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Zimbabwe crisis: a view from South Africa on data intercept laws

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Zimbabwe crisis: a view from South Africa on data intercept laws


Following up on a previous BB post about internet-related aspects of the current meltdown in Zimbabwe, BoingBoing reader Bretton Vine writes:

I'm in from South Africa, currently experiencing what the popular media calls a 'human tsunami' of illegal immigrants from Zimbabwe across our borders for everything from work to medicine and even basic foodstuffs which are smuggled back into Zimbabwe for resale.

The recent enforcing of price controls has left Zimbabwe shelves empty, militia going ape, major cross-border escape (5000 captured in last two weeks, and that's barely a dent in the number that make it though).

Add to this is bittersweet irony that the 'Rainbow Nation' of South Africa is experiencing a form of African xenophobia historically unparalleled despite more than a decade since apartheid become the past. But this is another heated discussion not related to my email.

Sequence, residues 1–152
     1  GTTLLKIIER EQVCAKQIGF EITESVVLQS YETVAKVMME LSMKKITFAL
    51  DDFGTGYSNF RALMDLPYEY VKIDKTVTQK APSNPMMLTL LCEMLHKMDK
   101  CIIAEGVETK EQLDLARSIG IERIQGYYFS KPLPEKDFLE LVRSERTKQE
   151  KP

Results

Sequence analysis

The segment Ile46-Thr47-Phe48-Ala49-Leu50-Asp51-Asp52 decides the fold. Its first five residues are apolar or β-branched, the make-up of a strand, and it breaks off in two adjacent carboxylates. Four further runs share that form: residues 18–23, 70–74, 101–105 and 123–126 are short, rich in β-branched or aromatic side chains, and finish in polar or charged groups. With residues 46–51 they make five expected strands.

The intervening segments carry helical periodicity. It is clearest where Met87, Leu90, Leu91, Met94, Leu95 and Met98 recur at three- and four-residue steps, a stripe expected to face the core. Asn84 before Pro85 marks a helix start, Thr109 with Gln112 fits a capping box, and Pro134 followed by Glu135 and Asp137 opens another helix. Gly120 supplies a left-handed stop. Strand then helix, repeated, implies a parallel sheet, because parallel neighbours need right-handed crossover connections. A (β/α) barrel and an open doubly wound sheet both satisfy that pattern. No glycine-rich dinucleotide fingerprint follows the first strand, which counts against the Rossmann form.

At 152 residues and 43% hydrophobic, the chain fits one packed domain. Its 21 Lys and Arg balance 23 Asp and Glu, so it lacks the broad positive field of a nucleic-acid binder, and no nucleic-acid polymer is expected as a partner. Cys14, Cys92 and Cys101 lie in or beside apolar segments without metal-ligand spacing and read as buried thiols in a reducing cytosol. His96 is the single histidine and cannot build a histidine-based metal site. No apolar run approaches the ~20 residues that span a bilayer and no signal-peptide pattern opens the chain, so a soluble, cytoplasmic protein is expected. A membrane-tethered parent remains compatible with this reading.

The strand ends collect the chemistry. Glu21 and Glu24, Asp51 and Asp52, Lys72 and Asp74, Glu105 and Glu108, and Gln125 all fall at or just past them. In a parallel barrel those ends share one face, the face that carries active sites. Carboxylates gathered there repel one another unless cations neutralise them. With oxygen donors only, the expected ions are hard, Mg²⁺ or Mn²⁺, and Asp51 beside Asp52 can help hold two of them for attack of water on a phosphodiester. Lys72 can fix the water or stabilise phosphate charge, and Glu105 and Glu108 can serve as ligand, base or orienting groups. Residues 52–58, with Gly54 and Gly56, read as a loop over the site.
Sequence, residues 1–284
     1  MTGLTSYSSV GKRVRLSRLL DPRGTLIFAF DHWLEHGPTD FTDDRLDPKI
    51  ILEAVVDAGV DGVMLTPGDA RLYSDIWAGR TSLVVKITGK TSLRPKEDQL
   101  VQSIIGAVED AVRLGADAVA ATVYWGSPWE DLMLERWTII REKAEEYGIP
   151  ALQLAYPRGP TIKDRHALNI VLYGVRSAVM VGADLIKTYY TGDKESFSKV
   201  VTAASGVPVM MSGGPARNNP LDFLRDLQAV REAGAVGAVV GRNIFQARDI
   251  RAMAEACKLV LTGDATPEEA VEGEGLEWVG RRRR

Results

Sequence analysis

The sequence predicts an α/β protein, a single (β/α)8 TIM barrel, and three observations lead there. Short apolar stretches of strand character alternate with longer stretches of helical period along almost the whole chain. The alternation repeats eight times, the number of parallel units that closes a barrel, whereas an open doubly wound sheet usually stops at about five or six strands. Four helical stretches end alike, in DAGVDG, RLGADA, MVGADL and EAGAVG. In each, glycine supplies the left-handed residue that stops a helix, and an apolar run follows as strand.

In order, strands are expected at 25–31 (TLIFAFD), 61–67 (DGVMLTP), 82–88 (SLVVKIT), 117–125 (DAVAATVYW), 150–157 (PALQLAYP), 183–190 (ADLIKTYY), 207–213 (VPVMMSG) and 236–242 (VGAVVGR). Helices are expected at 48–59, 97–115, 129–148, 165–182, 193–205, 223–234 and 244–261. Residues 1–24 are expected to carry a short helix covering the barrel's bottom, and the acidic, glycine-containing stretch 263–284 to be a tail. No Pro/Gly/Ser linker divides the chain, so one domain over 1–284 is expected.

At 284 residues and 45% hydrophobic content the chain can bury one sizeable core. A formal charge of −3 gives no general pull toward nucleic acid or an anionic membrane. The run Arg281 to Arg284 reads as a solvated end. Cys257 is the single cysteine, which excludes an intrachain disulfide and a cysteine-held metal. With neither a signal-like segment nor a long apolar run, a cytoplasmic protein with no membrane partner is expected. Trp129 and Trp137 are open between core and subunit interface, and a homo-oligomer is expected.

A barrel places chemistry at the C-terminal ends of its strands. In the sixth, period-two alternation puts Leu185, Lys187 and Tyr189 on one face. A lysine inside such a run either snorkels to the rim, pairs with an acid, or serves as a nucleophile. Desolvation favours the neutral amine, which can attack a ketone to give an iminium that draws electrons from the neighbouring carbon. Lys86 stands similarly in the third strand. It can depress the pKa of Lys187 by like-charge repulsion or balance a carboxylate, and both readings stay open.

I just wanted to point out that the Internet Service Providers' Association of South Africa hosts an annual free Internet conference every year, with this year being out 6th.

Back in 2004 we had Declan McCullagh out for one of the talks[1, 2]. While he certainly seemed to enjoy himself, he also left a huge impression over interception issues (and made some government people quite uncomfortable in the process). At last year's event (10th anniversary for ISPA, 5th for iWeek) we even had vendors for lawful intercept technology exhibiting and giving talks [3] along with talks from Wim Roggeman[4], Prof Michael Rotert[5] and representatives from the OIC (central interception spooks, not clearly functional yet) trying hard to remain inconspicuous in their suits among geeks of varying shapes and sizes.

With regard to the whole Interception in Zimbabwe issue it's a little bit of a non-event given so few people have access to either phones or the Internet in that country, and that no Zim ISP can afford to purchase the equipment necessary to implement anyway.

It's a slightly similar situation here in South Africa, except for the following...


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posted by Xeni Jardin